The U.K. has been enjoying the LG Optimus Black (P970) for several months now, and it’s the U.S.’s turn this time. According to discoveries that pocketnow.com has made lately among Federal Communications Commission (FCC) filings, it appears that the LG Optimus Black is also headed for the U.S.
pocketnow.com followed a clue trail from the Tera-WURFL handset database right down to the FCC, and concluded with relative confidence that the LG Optimus Black is indeed U.S.-bound and will be coming to four mobile carriers: U.S. Cellular, Sprint, Alltel, and Virgin Mobile. No release date or pricing info has been revealed yet.
The Tera-WURFL database lists the LG Optimus Black as handset model US855 and having Android 2.3 Gingerbread. The LG Optimus Black already in circulation in the U.K. still has Android 2.2 Froyo with no official Gingerbread update looming on the horizon yet.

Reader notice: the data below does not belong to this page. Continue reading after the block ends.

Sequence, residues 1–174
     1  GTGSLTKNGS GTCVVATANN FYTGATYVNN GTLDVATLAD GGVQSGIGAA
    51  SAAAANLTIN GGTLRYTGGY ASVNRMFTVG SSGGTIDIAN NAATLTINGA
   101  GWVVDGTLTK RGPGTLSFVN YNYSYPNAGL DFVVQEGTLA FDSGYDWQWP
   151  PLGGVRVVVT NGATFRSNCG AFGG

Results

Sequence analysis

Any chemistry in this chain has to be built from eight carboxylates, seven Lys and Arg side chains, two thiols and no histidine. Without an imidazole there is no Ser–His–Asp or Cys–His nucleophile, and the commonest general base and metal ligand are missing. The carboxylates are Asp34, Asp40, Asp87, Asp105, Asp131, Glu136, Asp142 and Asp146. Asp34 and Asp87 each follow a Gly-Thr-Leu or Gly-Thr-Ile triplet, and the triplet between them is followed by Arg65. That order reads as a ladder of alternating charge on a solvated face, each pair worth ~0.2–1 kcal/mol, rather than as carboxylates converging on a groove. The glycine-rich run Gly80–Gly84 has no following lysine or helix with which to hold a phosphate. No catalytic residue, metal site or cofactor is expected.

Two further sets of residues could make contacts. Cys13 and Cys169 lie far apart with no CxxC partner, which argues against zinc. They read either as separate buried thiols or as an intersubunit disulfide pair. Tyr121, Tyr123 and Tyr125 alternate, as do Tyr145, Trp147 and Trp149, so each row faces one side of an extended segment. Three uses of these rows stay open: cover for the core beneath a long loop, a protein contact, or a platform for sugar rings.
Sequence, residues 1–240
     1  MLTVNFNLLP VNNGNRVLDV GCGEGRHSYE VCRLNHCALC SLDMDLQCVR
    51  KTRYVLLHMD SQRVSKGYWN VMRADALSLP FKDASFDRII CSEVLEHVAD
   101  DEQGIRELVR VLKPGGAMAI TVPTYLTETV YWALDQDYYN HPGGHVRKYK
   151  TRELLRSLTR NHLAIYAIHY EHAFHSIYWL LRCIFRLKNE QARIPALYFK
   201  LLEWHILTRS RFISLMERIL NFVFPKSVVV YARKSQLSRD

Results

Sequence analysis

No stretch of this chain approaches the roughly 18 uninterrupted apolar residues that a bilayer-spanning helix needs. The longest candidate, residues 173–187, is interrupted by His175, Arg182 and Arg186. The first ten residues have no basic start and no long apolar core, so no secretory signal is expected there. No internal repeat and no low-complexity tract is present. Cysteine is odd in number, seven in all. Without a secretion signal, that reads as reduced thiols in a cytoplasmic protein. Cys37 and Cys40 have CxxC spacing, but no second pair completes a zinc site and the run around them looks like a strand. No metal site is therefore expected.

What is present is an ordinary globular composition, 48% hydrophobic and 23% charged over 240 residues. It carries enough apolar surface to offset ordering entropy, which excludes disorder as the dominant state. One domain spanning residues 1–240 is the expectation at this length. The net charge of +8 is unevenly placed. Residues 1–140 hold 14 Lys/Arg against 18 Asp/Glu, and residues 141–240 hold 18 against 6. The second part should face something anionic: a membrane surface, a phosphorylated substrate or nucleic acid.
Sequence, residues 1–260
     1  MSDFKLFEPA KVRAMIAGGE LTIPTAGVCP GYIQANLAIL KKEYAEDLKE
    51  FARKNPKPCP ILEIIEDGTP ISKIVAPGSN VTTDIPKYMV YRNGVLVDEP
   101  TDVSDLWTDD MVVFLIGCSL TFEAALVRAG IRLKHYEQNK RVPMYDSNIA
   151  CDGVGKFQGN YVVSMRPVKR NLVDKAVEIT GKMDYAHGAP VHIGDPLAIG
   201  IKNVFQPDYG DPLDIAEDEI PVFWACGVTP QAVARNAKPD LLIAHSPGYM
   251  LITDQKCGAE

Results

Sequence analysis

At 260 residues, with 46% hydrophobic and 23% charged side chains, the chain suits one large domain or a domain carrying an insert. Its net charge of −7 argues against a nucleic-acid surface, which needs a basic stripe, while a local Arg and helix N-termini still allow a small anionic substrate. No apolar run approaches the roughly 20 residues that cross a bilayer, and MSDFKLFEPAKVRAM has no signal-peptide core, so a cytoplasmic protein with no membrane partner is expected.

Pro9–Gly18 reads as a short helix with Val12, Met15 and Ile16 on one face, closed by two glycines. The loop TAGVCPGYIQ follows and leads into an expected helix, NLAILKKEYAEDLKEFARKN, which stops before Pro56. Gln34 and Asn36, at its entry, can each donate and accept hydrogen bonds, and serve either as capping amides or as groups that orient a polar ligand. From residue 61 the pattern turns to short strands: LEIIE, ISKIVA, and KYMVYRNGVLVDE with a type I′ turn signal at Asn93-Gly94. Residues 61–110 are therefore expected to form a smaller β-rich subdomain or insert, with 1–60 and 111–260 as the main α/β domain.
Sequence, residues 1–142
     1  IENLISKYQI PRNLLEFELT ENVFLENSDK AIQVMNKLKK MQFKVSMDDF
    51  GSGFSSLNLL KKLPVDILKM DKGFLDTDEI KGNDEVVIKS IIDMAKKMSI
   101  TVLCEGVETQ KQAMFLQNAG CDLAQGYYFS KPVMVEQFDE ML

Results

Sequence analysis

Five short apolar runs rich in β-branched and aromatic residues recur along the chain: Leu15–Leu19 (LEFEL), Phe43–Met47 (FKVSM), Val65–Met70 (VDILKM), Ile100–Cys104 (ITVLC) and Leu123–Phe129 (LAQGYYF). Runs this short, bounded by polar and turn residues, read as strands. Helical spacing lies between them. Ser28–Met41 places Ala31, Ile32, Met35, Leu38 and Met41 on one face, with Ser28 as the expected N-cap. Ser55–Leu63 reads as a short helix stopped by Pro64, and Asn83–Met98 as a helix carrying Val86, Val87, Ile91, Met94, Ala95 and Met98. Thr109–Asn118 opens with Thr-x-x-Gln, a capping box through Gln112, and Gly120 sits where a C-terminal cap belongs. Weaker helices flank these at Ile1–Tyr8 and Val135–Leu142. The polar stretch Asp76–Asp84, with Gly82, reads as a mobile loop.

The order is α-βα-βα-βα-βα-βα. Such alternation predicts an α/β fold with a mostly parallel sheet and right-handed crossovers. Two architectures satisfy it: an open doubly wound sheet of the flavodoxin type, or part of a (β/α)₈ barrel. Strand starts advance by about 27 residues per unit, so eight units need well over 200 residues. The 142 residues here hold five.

In addition to Android 2.3 Gingerbread onboard, among the LG Optimus Black’s chief features are its 4-inch NOVA display (which makes the screen bright and readable regardless of light conditions and also cuts down energy consumption by about half the consumption of conventional LCDs), Texas Instrument OMAP3630 processor (1 GHz), 5-megapixel rear camera, 2-megapixel front camera, and 1500mAh Li-ion battery (up to 6 hours of straight use).
Spec-wise, the LG Optimus Black falls behind its other Android competitors, although its light weight, slim build, and bright NOVA display screen make it stand out from the crowd.
If you are purchasing a new Android smartphone anytime soon, will you be including the LG Optimus Black on your list of options?
Banner image courtesy of Electricpig
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This is definitely a bargain smartphone with those early 2010 specs. It does look great and the name is nice, a bit confusing with the Optimus 3D, but I suppose most US consumers have no idea that the Optimus 3D exists because they’ll know it as the Thrill 4G 3D.
Oh carriers and the games they play. We are an enthusiast site for sure, so it’s hard to know what’s in the minds of the average consumer. Still, Android 2.3 Gingerbread functions beautifully on last years hardware, so maybe the carriers hope to clean up? Either way, knowing what’s up is where it’s at.